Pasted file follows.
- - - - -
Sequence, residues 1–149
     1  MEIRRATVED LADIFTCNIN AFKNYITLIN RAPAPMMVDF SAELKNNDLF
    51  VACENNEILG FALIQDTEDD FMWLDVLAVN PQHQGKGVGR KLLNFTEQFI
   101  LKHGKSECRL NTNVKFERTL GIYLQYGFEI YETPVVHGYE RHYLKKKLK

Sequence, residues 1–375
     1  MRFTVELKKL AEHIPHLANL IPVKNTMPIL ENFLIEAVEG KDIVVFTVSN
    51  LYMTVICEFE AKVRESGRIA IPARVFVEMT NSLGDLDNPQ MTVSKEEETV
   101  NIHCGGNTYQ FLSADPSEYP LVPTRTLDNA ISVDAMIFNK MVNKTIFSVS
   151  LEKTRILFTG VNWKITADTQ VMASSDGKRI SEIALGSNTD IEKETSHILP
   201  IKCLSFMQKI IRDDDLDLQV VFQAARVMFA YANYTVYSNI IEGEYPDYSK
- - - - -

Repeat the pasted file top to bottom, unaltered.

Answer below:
Sequence, residues 1–149
     1  MEIRRATVED LADIFTCNIN AFKNYITLIN RAPAPMMVDF SAELKNNDLF
    51  VACENNEILG FALIQDTEDD FMWLDVLAVN PQHQGKGVGR KLLNFTEQFI
   101  LKHGKSECRL NTNVKFERTL GIYLQYGFEI YETPVVHGYE RHYLKKKLK

Sequence, residues 1–375
     1  MRFTVELKKL AEHIPHLANL IPVKNTMPIL ENFLIEAVEG KDIVVFTVSN
    51  LYMTVICEFE AKVRESGRIA IPARVFVEMT NSLGDLDNPQ MTVSKEEETV
   101  NIHCGGNTYQ FLSADPSEYP LVPTRTLDNA ISVDAMIFNK MVNKTIFSVS
   151  LEKTRILFTG VNWKITADTQ VMASSDGKRI SEIALGSNTD IEKETSHILP
   201  IKCLSFMQKI IRDDDLDLQV VFQAARVMFA YANYTVYSNI IEGEYPDYSK